Justin Turner’s success with the Dodgers has been one of the most fascinating stories of a non-roster invitee turned starter since the likes of Aaron Miles back in 2011. During the 2015 National League Division Series, Turner’s postseason performance with the National League West division champion Dodgers demonstrated to the Mets just what they missed out on after they released the Southern California native in the winter of 2013. Justin Turner hit .526/.550/.842 with 10 hits — including six doubles — in 20 plate appearances during the five-game National League Division Series.

Justin Turner has exceeded all expectations over his two seasons with the Dodgers, and he has become a vital member of the Dodgers’ starting lineup. A part-time player in 2014, Turner secured his place as the Dodgers’ starting third baseman last May after Los Angeles traded Juan Uribe to the Atlanta Braves. Ironically, Uribe would end up on the Mets pitted against the Dodgers and Turner in the 2015 NLDS. The Dodgers have opted to rely on Turner at third base going into the 2016 season, as evident by the three-team trade this offseason which sent aforementioned outfielder Scott Schebler to Cincinnati and veteran third baseman Todd Frazier to the Chicago White Sox in exchange for a trio of prospects.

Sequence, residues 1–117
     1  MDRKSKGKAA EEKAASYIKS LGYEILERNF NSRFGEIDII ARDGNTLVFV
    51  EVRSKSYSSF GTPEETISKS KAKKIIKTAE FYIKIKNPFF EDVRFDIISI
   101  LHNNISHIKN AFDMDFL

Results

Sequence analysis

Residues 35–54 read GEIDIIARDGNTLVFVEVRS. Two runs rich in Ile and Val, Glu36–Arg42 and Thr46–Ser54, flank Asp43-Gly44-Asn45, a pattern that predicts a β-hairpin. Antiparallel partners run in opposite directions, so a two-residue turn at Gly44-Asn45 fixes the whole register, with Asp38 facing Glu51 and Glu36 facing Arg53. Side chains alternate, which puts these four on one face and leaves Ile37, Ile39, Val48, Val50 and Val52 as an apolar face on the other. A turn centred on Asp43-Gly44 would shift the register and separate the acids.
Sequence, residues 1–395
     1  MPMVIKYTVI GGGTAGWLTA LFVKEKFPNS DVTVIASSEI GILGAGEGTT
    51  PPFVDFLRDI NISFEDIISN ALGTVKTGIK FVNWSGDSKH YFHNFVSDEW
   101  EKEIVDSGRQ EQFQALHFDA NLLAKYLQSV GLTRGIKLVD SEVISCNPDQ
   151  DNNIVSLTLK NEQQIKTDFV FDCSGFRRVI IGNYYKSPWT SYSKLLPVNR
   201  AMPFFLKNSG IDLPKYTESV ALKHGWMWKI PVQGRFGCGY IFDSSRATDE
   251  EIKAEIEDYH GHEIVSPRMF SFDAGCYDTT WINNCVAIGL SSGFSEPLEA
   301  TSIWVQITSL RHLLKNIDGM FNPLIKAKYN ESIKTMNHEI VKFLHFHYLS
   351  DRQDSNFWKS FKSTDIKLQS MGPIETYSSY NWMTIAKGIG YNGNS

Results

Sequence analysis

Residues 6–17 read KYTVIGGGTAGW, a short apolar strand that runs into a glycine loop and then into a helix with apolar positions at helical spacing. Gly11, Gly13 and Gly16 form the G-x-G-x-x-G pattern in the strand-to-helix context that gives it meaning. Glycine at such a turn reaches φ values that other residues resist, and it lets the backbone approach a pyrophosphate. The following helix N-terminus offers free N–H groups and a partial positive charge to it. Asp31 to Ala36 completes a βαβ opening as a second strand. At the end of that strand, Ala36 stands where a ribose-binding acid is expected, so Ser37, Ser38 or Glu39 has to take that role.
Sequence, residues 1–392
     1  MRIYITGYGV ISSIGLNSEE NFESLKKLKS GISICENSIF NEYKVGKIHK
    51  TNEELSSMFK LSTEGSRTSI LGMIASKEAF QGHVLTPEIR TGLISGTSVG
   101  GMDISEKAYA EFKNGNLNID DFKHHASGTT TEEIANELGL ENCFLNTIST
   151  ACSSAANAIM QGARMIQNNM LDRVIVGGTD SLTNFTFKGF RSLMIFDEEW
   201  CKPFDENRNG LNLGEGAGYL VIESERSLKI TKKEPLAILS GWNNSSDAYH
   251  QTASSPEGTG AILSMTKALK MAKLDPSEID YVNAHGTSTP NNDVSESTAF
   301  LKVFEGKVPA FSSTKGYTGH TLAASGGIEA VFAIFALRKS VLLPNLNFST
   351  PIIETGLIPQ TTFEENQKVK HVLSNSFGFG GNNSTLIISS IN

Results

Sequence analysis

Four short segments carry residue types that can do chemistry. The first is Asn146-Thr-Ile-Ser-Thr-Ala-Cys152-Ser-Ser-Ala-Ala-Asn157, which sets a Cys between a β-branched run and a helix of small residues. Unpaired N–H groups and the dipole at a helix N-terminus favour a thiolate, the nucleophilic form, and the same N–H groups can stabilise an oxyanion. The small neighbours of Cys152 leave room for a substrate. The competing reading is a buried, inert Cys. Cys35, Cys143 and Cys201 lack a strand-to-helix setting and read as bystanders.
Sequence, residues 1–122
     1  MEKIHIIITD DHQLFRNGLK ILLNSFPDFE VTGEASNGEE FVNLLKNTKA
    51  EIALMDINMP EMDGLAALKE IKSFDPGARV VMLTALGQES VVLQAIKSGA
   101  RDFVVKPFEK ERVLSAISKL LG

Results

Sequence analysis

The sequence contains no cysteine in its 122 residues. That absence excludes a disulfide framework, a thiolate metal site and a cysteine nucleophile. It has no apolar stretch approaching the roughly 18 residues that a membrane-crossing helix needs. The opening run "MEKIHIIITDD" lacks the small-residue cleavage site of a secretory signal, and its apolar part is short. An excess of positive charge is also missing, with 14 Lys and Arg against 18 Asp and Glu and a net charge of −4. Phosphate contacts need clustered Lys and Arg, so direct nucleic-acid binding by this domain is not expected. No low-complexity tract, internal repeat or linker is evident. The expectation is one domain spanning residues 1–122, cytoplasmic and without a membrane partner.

Looking back at the illustrious list of former non-roster invitees the Dodgers have enlisted over the course of the past five season, the last NRI to make a lasting mark at the major league level in the same season would be none other than then veteran Aaron Miles. In the same year, Mike MacDougal and Lance Cormier also made the team out of Spring Training. MacDougal pitched in 69 games for the Dodgers in 2011, and he was surprisingly effective in middle relief with a 3-1 record and a 2.05 ERA. Lance Cormier, the type of non-roster invitee attempting to resurrect his career, was less successful, and the right-hander only appeared in nine games, with disastrous results.

Miles, who may be remembered more for his relief pitching than his work around the infield, played in 136 games for the Dodgers in 2011 and split time at second and third base. Although Miles and MacDougal contributed to the Dodgers in 2011 with admirable results, their careers came to an end — Miles hung up his jersey at the conclusion of the 2011 season and MacDougal called it quits after seven additional appearances for the Dodgers in 2012.